Author James Moushon did me the honor of interviewing me for his HBS Author’s Spotlight.
Please check out the interview by clicking the logo below, and if you care, please share. 🙂
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For my final author interview this month, I am fortunate enough to have snagged some of the valuable time of the charismatic Kimberly Richardson, my friend and the editor of the Cycle of Ages Saga. Let’s get down to business, Kim. I’m sure the readers out there are eager to learn more about you and your work.
J: Judging from our conversations and your stories, you have a vivid imagination. Where do you find the inspiration to fuel this creative fire and turn your wild ideas into amazing stories?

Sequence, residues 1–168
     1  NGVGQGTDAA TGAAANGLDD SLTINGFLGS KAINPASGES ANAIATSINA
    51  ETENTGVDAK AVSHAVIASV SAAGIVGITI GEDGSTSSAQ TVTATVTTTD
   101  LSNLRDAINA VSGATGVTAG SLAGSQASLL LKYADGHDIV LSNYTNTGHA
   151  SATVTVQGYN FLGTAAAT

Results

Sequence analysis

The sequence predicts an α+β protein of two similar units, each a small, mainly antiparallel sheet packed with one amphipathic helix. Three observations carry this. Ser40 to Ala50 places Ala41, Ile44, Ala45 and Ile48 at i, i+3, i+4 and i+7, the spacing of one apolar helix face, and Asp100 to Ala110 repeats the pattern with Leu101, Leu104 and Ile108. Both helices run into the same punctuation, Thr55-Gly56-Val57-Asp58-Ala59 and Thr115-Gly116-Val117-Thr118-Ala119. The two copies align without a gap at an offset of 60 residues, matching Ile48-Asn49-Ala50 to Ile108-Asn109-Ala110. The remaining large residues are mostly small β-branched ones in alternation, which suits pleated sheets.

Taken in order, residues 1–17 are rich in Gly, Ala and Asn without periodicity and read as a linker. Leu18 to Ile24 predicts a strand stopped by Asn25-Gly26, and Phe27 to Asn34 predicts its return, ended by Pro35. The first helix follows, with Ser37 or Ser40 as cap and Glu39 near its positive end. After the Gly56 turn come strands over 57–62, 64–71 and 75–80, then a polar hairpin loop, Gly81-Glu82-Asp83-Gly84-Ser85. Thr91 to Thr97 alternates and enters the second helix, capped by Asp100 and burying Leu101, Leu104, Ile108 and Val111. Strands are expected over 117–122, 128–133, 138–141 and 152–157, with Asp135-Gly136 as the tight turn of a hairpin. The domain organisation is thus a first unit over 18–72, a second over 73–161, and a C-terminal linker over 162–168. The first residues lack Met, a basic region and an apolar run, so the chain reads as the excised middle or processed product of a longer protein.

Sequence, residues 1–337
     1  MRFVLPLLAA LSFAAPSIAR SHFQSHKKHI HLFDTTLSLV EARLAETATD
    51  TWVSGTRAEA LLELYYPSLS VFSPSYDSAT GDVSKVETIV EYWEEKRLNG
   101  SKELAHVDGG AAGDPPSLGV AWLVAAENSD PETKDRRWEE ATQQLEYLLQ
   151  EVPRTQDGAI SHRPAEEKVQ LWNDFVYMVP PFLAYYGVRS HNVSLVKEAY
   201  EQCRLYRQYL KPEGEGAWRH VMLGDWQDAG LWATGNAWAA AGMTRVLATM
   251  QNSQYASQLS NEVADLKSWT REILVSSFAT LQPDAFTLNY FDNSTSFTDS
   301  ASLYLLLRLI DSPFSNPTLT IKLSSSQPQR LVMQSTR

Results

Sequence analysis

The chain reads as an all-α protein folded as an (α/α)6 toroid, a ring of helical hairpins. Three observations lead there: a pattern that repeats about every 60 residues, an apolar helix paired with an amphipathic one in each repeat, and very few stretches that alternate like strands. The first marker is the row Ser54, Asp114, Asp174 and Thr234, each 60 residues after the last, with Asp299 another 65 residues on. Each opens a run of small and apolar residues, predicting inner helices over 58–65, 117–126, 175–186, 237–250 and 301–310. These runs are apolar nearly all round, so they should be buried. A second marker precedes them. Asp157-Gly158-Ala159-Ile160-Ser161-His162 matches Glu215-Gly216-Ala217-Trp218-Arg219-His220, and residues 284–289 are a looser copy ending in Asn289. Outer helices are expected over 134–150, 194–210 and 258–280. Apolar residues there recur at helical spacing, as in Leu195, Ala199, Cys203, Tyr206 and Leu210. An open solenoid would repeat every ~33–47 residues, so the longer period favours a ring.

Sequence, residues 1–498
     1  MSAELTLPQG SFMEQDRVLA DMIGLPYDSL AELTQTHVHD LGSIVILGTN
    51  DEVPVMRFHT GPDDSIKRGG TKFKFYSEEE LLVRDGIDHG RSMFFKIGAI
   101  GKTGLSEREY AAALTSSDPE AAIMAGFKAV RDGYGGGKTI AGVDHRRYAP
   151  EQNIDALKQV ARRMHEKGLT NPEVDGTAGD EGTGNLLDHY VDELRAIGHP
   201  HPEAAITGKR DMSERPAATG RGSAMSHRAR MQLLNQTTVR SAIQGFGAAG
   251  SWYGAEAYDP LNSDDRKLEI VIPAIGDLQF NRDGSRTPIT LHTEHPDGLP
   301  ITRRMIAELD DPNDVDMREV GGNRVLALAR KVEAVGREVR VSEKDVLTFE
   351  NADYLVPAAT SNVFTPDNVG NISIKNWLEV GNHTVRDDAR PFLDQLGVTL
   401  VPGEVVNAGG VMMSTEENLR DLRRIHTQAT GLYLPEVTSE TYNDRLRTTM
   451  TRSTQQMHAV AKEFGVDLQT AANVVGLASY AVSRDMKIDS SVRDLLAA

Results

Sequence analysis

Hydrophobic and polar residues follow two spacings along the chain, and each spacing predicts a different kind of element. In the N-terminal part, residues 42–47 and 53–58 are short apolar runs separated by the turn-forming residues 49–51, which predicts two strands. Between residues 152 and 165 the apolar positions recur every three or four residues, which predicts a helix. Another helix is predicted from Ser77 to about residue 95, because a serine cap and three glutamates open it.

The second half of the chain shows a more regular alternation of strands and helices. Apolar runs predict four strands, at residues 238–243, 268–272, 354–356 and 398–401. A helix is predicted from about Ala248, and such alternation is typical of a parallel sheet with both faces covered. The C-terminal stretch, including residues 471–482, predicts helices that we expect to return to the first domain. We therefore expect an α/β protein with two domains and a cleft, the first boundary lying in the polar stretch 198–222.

K: I get inspiration by simply observing the world around me. The world is filled with magick and wonder; all one has to do is simply open your eyes. Even a simple conversation between two people in a coffee shop can inspire an awesome story – several of my stories began that way.
J: You’ve reached some manner of acclaim in a short period of time as a professional writer. In fact, two of your novels were considered for the Pulitzer list a couple of years ago. Could you tell us more about that experience as well as your other accolades/honors?
K: Being enlisted for the Pulitzer was quite a learning experience for me; it felt wonderful to know that my work stood a chance to receive such an honour. I do plan to enlist again very soon! I was also a finalist for several awards as well as edited several anthologies that later won awards through certain stories.